process. It is very simple, and consists
in the main of air pumps and a governor,
Air is forced through several chambers
of the generator, and passed through
gasoline. This is kept up till the air is
converted into a dry hydrocarbon gas.
From the generator it passes into a dryer,
where all the moistute which might re
main is thoroughly scrubbed and washed
nut. One gallon of gasoline will produce
about 250 cubic feet of gas, or 1800 gal
lons. The amount of oil is very small
compared to the amount of gas pro
duced. It is in operation in many
towns in Iowa aud Minnesota, and
gives entire satisfaction. They give a
twenty-four hour service, which beats
electric light plants usually put in small
O’Neill, Aug. 23.—Advertised letters:
M F Gallagher, M 8 Auderson, Miss
Mae Anderson, Mae P Browning (2), M
A Bannall (3), Clias Beckman, Thomas
Bulger, Wm Basworth, Ueinriok Vogt,
C F Pillars, J R Smoot. F A Harris,
Geo R Little, John Garside, C McClen
shan, J E Marehouse, M J Marna,
Elanar Massen, Tony Marks, Will Rea,
Mrs Anna Davenport, Bessie Davis, A M
Darling, Wm Carass, Max M Young,
Mrs C G Sullivan, B Samuels, W 8
Witten,' Bert Michael, Miss Ella Zautz,
Ilazet D Fov, 8 Fenstein, Geo Egan,
Sam Firistein. In calling for ahove
say “advertised." If not called for in
two weeks will be sent to dead letter
office.—U. H. Pronin, postmaster.
Remember the ball game on the
O'Neill grounds Sunday afternoon.
Rev. Eugene Sheehy of Limerick,
Ireland, will give a descriptive lecture
on “A Tour Through Ireland" at the
opera house Sunday evening, September
1. Tickets on sale at Corrigan's.
The First National bank people have
filed articles of incorporation for a bank
at Inman. The incorporators are Ed F.
Gallagher, T. F. Birmingham, T. F.
Shufflebottom. L. H. Downey, W. W.
Watson and M. R. Sullivan.
Sam Bergo was hustled out to his
barnyard eaaly yesterday morniug by a
pair of wolves which were after an
early breakfast of chicken. Mr. Berge
lives just on the edge of town and the
wolves came up from the river.
Mr. Reka, our enterprising cigar
manufacturer, is the first O'Neill man
to venture an automobile. He has one
ordered and is looking for it any day.
He expect to get the best of the expen
sive hay market by driving a horseless
Laurl Advocate: It ia probable that
Mrs. Ben Hollo will soon remove
to O’Neill, where Ben is already estab
lished in business. M[rs. Hollo also
thinks of paying a visit to a sister at
Sheridan, Wyo., before going to house
keeping in O'Neill.
J. jtS. Eaton of Wayne county is
among the recent new comers to this
secton. Mr. Eaton has secured a large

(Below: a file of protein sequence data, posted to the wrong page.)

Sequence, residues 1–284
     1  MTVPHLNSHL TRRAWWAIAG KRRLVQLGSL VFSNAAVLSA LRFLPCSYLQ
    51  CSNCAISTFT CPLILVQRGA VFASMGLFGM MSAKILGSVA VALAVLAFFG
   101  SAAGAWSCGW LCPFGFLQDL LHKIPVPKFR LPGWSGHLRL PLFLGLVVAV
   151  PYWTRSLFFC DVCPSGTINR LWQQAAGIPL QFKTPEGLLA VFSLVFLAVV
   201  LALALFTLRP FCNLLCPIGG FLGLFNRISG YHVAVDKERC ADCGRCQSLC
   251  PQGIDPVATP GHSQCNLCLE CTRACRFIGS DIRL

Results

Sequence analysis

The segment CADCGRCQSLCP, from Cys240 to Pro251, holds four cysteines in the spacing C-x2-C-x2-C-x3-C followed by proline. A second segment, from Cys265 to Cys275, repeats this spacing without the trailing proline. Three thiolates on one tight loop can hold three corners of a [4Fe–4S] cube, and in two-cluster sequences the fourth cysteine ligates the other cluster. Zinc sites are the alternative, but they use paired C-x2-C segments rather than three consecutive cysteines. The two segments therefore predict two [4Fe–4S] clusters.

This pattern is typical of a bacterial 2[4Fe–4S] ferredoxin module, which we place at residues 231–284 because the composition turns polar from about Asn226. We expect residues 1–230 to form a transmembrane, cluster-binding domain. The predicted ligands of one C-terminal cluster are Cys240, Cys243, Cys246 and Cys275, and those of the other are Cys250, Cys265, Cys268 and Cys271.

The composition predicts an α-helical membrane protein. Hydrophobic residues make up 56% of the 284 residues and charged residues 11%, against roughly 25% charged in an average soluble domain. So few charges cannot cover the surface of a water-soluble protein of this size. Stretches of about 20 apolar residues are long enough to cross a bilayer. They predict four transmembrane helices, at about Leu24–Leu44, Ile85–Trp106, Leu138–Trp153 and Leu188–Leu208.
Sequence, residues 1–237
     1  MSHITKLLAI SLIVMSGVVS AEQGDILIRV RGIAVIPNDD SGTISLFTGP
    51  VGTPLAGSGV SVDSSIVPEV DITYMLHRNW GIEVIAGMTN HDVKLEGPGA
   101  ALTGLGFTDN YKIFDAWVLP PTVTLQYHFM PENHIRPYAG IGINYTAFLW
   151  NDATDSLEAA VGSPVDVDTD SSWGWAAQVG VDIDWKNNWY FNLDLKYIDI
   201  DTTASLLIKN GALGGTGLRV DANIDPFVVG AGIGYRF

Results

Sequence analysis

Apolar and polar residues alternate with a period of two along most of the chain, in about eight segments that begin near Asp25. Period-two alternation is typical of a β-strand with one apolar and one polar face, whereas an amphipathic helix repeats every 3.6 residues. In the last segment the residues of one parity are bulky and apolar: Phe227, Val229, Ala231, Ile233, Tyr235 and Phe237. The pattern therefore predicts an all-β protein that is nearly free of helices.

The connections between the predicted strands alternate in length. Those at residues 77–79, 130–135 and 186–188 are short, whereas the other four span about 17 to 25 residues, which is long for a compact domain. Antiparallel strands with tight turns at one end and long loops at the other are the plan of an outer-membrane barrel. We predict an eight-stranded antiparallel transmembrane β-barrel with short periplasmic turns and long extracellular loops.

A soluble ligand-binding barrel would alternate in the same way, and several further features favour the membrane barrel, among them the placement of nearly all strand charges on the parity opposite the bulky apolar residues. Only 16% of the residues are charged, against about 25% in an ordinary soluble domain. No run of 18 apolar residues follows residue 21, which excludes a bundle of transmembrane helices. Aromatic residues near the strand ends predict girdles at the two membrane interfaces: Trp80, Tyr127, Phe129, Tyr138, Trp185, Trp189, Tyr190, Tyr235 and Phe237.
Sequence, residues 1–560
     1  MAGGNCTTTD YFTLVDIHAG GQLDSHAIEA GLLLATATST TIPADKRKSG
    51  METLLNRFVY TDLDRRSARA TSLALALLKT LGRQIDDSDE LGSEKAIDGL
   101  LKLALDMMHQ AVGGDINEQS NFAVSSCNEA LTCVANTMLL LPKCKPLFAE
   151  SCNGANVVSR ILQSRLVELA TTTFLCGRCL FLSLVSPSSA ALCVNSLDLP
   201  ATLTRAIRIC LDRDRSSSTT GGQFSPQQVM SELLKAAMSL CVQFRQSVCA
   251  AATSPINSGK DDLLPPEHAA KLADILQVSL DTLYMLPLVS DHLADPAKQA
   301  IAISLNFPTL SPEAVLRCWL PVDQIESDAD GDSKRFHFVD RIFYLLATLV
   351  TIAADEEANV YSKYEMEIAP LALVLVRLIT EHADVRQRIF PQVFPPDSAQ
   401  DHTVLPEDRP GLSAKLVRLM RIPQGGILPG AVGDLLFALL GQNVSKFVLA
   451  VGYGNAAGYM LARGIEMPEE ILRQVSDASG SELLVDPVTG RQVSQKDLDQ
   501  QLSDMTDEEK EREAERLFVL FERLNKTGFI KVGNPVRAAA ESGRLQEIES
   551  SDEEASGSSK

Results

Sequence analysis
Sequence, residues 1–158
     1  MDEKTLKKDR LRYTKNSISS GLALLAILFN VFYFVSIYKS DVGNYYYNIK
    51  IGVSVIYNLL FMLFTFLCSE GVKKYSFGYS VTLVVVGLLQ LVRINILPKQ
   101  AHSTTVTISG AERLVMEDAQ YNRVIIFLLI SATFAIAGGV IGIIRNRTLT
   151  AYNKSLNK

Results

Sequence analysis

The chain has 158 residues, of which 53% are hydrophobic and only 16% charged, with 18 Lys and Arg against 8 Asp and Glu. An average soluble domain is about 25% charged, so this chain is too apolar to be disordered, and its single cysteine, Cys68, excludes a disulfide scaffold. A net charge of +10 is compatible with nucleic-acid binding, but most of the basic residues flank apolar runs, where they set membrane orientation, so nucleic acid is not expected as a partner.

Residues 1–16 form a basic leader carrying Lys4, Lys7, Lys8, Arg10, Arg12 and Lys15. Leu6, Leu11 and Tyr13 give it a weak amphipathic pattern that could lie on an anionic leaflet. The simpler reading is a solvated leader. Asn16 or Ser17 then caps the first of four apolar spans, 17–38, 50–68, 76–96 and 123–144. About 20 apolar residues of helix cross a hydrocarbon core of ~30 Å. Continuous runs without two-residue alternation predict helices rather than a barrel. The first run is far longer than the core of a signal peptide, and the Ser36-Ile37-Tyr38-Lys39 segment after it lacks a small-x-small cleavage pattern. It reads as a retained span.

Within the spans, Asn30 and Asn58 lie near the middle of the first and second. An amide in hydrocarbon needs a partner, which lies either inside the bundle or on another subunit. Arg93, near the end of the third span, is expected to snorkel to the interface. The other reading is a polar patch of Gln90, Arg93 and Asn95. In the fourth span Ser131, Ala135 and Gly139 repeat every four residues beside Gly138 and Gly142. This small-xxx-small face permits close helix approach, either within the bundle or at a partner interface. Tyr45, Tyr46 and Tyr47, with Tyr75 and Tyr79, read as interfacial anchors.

tract Of land In the sandhill country
thirteen miles south of O'Neill and is
out there getting his premises in shape
for an extensive sheep ranch.
W. K. Butler came in with a caravan
Saturday evening after several weeks
stay on his farm near Ewing where he
and his sons have been putting up their
hay orop. Hay ing this year is a profit
able industry and Mr. Butler expect
good returns from his labors.
James Mahoney, who left Holt county
fourteen years ago and has tarried in
Montana since, has returned to this
blessed land and purchased a half section
of land five miles north of O’Neill,
where he is now building a large house
and getting things in readiness to make
his home there.
Charley Cole returned Tuesday even
ing from Chicago, where he had been
for tbvr^ast two months taking a course
of study in optical work and preparing
himself to engage in that profession.
His schooling, added to experience
already acquired, enables Charley to
take hold of the work in a professional
Qorge Raker of Ewing was in the city
the first of the week and informed The
Frontier that he had bought the Ewing
Advocate, which paper he sold about a
year ago. Mr. Woods, the present edi
tor, goes to Oaktahoma City, where be
has a position with the Western News
paper U nil >n.
A little patch of onions yields greater
returns on the investment than most
any other product of the ground.
Michael Gallagher, one of the successful
farmers and gardeners of the Elkhorn
and living just east of town, expects to
harvest $500 worth of onions this year.
Mr. Gallagher has a strong crop .
Stuart Herald: One of the largest
land sales ever made in Holt county
was transacted by Royal Hudspeth
Monday. He sold the Boll Ritts ranch
to John Titus of MaBsena, Iowa, the
cost being $23,000. This ranch is one
of the best ranches in Nebraska and Mr.
Titus can readily start in as one of the
promising cattlemen as he has every
thing to make him one on this ranch.
Mr. Ritts does not intend leaving the
country, but will stay right here.
Stuart Ledger: The township board
is receiving bids for road work. This